Someone reached out to say they couldn't watch All the Goods Trade Puns Were Taken on Twitch, so I threw together a Youtube channel.

The full playlist I'll be updating with each episode is here, and I'll grow this thread with each new episode.…
Episode 1 covered vaccine nationalism, international taxation, the UK's CPTPP ambitions and Boris Johnson's ill-fated trip to India.

Episode 2 covered the EU's anti-coercion mechanism, how governments are likely to pursue remote workers dodging taxes, and a brief climate discussion of carbon border adjustment taxes and fossil fuel subsidies.

Episode 3 focused on the US decision to accept (in principle) a waiver of intellectual property rights for Covid-19 vaccines.

Anna was out that week.

Episode 4 was a deep dive into the UK-Australia FTA and the most common arguments used by everyone both supportive and opposed to it.

Bonus Episode 1 was a by-demand discussion of the UK's plan to build a national yacht for trade promotion purposes.

I did this one solo because Sam and Anna deserve better than to have to deep dive this silly issue.

Episode 5 was a deep dive into the European Union's new Carbon Border Adjustment Mechanism draft, and what it might mean for business.

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More from @DmitryOpines

3 Jun

So far there have mostly been "nerdy Brexiters" that have posited without specifics the existence of competitiveness hurting EU red tape to be cut and "nerdy Brexiters" who have a hit-list of red tape they personally hate, but which is far too popular or complex to touch.
That by the is why we're on about the 4th Government Commission/Initiative where it begs someone, anyone, to bring it a list of EU red tape for the bonfire.
EU regulations are far from perfect, and there are doubtless improvements to be made but there really isn't a binder somewhere labelled "Uncomplicated Consequence Free Regulatory Cuts With No Constituency To Boost Growth"
Read 4 tweets
27 May
1/ The debate over the Australia-UK FTA exposed that we don't quite know how the UK government thinks about tariffs.

A thread to try to lay out the options and trace the UK Government's journey so far. 👇
2/ Option #1: Optimistic Libertarian

Crude Summary: "Tariffs are bad, and it's not worth having them even as bargaining chips. Remove them all unilaterally, then use active trade leadership to secure market access abroad the way Singapore or New Zealand do."
3/ Option #2: Strategic Libertarian

Crude Summary: "Tariffs are bad but other countries may be reluctant to get rid of theirs and they're the primary 'chip' traded in negotiations. Keep some tariffs but then get rid of them by trading them away in negotiations."
Read 14 tweets
24 May
1/ @SamuelMarcLowe, @Annaisaac and I started our show to accessibly break down trade issues in the headlines without the stress of a 3 minute TV slot or a pundit yelling at us.

Tonight, we talked through the most common questions about the Aus-UK FTA.

Some clips below!
2/ First, for those who haven't been following the debate, here's @Annaisaac summarizing what we know about the Australia-UK FTA and why it's proven controversial.…
3/ Will the FTA destroy British farming? Will the FTA make food radically cheaper for the nation's poor?

@SamuelMarcLowe thinks the answer to both is "probably not" and explains why he thinks everyone should calm down:…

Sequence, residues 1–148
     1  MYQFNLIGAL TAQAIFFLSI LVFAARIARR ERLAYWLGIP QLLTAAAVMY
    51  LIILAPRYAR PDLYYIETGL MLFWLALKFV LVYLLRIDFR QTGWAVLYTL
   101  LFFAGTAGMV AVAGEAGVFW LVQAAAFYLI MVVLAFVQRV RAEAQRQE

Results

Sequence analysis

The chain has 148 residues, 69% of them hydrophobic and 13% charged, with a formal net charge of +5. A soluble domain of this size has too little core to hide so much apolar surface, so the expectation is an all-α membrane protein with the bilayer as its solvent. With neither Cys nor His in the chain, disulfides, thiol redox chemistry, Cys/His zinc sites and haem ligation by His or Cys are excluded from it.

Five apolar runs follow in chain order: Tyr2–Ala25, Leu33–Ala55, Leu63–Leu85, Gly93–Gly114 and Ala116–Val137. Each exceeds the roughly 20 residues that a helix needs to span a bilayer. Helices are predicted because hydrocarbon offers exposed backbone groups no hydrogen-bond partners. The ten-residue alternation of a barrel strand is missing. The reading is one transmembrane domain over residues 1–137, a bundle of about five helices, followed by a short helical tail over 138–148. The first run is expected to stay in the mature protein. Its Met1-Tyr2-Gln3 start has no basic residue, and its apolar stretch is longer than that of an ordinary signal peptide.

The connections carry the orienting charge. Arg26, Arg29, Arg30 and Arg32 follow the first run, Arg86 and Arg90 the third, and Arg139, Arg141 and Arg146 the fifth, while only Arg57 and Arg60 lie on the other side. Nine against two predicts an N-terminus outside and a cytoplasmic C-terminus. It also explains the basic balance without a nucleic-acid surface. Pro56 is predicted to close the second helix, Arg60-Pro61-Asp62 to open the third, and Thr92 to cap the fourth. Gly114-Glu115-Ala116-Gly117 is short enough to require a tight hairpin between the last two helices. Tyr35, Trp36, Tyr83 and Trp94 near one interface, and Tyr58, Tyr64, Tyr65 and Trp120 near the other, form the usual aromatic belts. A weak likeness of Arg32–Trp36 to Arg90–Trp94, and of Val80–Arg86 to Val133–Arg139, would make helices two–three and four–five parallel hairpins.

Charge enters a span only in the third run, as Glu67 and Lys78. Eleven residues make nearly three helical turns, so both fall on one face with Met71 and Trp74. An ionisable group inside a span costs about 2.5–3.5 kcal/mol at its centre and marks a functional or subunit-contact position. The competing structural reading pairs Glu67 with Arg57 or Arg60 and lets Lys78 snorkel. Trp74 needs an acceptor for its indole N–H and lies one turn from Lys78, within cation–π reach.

Read 9 tweets
19 May
1/ Since no one asked, here's a thread on the UK-Australia FTA.

Biases on the table:
- I was an Australian trade negotiator
- I have trained many of DIT's negotiators, likely including some of the ones working on this FTA
- I'm neoliberal scum who generally thinks tariffs = bad
2/ Like we all warned, most Free Trade Agreements, and all Free Trade Agreements including Australia, come down to agriculture.

Australian trade policy tends to be laser focused on getting beef, lamb, dairy and wheat into markets it's currently locked out of.
3/ Reports suggest that Liz Truss, with the Prime Minister's backing, is pushing to give Australian products complete tariff and quota free access to the UK market, phased in over 10-15 years.

Another faction, lead by Eustice and Gove is pushing back arguing for "TRQs" instead.
Read 23 tweets
15 May
Because motivations are unknowable, it's hard to retroactively distinguish "trying to get my buddy a lucrative government contract" from "trying to get a bargain for the taxpayer."

That's why there are strict rules against Ministers interfering in procurement regardless of goal.
No matter how dodgy the deal, a Minister can always claim they thought it was a badly needed offering at a great price and that it would be wrong to penalise the vendor for being their friend.

But that's not supposed to be a defense.
If there are good deals on badly needed products or services out there, the procurement process is supposed to find and contract them on its own, without Ministers writing to Ministers to help it along.

If that's not happening either the vendor or the process sucks.
Read 4 tweets
5 May
1/ This is a huge symbolic win for campaigners, but it could mean a number of things depending on the Administration's strategy here and what it does next.

A quick thread on three options I can see: the straight forward, the cynical, and the screws.
2/ Option #1: It is what it is.

This is 100% what it appears to be. The US negotiates a few technical changes to the waiver and signs up, likely leaving the EU, Switzerland and other hold outs too isolated to maintain opposition.

The waiver passes largely unchanged.
3/ There is heated debate about whether the passage of the waiver will mean more vaccines in the short to medium term.

I'm not really qualified to weigh in on that, but one has to believe an IP waiver could shake some progress loose somewhere, and we need that right now.
Read 10 tweets

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